Since IARC’s report, two more notable cohort studies have been published. The first, a Danish study published just too late to be included in the IARC discussions, found no link with any type of brain tumour at all, nor with glioma or meningioma in particular. This study was based on subscriber data about people’s mobile use, though, which could theoretically introduce errors if people shared mobiles or used a phone in someone else’s name or a company phone.
Then last summer the biggest study so far – the UK Million Women Study – found no link between mobile phones and any kind of cancer, any kind of brain tumour, nor glioma or meningioma in particular.
There’s a caveat – in the women who used phones the most, the research did show a small increased risk of developing a type of rare brain tumour called an acoustic neuroma.
But an update to this research, including even more recent data meant that this link was no longer seen, nor any link to any other type of brain tumour. The Million Women Study is large and well-conducted, but does still have some limitations – not least that it is restricted to women and there was limited opportunity to update women’s phone use after the start of the study.
But the Danish cohort study found no increased risk of acoustic neuromas, even in people with the highest levels of use. And neither did a cohort study conducted in Sweden published earlier this year. This Swedish study interestingly found evidence to suggest that using a mobile phone may make people who have an acoustic neuroma more likely to have it diagnosed, which could help to explain the conflicting results seen so far.
As it currently stands, it seems unlikely that using a mobile phone can cause brain tumours, particularly as lab research hasn’t shown a biological way this could happen. And rates of the brain tumours in question haven’t seen an increase over time, despite mobile phone use booming.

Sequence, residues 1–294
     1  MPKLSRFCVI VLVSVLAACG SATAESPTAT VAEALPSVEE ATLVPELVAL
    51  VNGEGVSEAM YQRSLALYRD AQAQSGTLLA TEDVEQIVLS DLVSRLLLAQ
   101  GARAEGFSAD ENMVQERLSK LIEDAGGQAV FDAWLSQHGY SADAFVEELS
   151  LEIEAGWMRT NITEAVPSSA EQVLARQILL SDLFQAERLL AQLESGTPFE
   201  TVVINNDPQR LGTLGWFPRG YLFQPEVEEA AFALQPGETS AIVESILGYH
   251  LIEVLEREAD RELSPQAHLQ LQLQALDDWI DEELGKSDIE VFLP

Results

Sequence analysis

But there isn’t enough good evidence to say with absolute confidence that no risk exists.
It’s a well-worn cliché that more research is needed, but in this case it’s the only way to resolve the question and be sure. Some key members of the IARC expert panel recently published their take on where we go next, including recommendations for research that needs to be done.
By focusing on high-quality research, learning from the limitations of past studies, and the ability to gather more long-term data as time goes on, we will eventually come to a clear understanding of any cancer risks posed by using a mobile phone.
It’s important to remember the overall risk of developing brain tumours is small – fewer than 10,000 people are diagnosed with any form of brain or central nervous system tumour each year in the UK, out of a population of more than 63 million.
But when the media report small increases in these already-small chances as meaning people who do a particular, common, thing are “particularly likely” to develop a disease – as one newspaper did – it not only is a complete misrepresentation of what a study says or means. It also scares people.
This may sell newspapers, but it’s extremely unhelpful when trying to help the public understand what they can – and can’t – do to help reduce their chances of cancer.
Coureau G., Bouvier G., Lebailly P., Fabbro-Peray P., Gruber A., Leffondre K., Guillamo J.S., Loiseau H., Mathoulin-Pelissier S. & Salamon R. & Mobile phone use and brain tumours in the CERENAT case-control study, Occupational and Environmental Medicine, DOI: 10.1136/oemed-2013-101754
Image via Wikimedia Commons